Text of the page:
|Photo by Aubrey Reuben|
Though she had a handful of significant film parts — including a lead in "East of Eden," in which she played opposite James Dean, and "A Member of the Wedding," where she repeated her stage triumph, and was nominated for an Oscar — Harris was nearly wholly a creature of the stage, the last of a breed that once included Helen Hayes, Jessica Tandy and Katharine Cornell. She worked tirelessly, and, even late in life, toured with her shows — something few actresses of her stature rarely did. Director-writer Harold Clurman, who directed her, captured both her unglamorous persona as well as her dedication to her art when he described her as "a nun whose church is the stage."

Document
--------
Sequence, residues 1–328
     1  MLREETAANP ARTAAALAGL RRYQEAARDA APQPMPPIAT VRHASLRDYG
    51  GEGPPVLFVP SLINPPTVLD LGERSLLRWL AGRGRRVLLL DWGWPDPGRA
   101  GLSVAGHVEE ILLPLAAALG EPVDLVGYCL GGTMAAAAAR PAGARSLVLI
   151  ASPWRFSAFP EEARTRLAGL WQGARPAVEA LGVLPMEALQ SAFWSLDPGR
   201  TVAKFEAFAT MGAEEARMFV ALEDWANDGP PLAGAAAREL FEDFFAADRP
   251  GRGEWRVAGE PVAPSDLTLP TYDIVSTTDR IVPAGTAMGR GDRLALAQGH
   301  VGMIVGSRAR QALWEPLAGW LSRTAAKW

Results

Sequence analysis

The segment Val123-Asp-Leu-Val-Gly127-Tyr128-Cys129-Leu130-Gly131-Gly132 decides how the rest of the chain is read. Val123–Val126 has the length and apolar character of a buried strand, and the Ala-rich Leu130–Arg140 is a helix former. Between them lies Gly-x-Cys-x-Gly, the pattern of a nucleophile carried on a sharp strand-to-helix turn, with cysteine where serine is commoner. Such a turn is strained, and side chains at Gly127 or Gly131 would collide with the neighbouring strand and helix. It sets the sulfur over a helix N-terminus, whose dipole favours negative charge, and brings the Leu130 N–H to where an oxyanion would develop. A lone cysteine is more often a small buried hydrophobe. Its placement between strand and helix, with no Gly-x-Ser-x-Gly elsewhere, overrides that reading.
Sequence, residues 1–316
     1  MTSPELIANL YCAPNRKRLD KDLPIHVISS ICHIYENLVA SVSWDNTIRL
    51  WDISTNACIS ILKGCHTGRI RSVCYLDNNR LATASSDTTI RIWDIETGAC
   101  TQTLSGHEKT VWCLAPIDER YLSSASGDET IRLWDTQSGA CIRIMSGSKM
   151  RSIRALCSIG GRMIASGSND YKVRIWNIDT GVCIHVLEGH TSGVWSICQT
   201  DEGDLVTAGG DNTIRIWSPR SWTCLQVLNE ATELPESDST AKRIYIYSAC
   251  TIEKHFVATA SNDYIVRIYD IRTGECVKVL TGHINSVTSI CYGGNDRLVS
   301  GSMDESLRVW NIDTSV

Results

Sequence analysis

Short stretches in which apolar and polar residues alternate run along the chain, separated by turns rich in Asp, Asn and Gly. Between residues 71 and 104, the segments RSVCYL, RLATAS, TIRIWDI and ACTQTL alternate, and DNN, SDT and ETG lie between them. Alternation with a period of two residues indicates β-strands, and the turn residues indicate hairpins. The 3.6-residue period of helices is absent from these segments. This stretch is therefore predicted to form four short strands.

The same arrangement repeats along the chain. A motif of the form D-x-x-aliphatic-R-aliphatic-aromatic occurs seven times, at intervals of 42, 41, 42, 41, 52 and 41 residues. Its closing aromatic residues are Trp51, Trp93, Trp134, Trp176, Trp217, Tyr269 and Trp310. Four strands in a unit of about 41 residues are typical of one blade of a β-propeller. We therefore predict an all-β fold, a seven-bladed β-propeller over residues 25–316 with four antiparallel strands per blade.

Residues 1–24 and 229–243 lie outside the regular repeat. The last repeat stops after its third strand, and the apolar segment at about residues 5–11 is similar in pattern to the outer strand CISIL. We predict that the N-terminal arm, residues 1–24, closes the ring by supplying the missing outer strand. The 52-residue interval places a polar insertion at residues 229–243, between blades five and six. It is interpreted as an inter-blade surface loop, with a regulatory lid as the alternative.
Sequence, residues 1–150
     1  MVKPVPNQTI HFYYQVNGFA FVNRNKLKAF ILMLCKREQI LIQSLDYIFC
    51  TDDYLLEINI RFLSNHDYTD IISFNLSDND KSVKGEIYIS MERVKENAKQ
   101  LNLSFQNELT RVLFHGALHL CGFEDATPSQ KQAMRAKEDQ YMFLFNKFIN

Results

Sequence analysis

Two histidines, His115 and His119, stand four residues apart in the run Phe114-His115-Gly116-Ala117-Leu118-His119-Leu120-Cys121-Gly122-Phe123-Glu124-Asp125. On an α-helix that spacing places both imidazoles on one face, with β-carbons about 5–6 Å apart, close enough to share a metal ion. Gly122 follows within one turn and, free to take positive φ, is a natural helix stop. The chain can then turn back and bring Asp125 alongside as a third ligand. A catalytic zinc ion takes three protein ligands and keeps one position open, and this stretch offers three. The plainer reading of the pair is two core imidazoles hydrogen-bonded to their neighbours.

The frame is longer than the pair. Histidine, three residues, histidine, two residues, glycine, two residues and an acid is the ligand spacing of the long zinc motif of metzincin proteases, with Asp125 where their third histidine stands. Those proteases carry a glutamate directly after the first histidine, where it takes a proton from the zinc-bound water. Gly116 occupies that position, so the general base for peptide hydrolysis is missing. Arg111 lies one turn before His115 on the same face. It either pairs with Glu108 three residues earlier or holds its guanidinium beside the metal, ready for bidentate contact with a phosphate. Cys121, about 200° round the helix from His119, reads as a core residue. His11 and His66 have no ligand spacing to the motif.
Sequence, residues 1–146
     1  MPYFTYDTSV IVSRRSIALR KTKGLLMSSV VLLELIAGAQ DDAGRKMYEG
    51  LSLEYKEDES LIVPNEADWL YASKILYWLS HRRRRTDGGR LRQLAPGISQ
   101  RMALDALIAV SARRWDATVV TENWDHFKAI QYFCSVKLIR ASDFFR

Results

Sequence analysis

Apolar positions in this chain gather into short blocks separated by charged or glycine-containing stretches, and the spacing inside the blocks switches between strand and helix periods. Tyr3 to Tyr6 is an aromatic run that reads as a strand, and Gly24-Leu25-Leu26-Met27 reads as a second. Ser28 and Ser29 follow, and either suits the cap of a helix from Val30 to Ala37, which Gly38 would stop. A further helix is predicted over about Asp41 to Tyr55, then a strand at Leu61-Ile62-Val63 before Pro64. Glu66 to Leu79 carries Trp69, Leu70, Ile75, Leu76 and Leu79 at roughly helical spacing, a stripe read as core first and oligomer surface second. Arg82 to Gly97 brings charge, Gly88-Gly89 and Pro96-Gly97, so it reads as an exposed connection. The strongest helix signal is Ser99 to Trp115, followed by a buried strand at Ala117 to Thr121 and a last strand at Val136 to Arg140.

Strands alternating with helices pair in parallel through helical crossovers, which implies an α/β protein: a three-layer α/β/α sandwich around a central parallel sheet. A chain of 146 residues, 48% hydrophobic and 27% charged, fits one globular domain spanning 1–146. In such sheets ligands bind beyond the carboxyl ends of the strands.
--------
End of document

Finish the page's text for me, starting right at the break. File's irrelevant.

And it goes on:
She won the Tony as lead actress in a play five times, a record that has stood for many years. Her wins were for John Van Druten's I Am a Camera, in which she was the first actress to create Christopher Isherwood's Sally Bowles on stage; The Lark, Jean Anouilh's rendition of the Joan of Arc story; the romantic comedy Forty Carats; The Last of Mrs. Lincoln, in which she played the title role; and The Belle of Amherst, where she portrayed poet Emily Dickinson. She was nominated five additional times. She also won a Lifetime Achievement Tony Award in 2002.
The Belle of Amherst, staged in 1976, was one of many solo plays that Harris favored in the latter half of her career. These were typically centered on a significant historical figure and included Lucifer's Child, about the Danish author Isak Dinesen. Very often, critics observed, her performances outshone the material.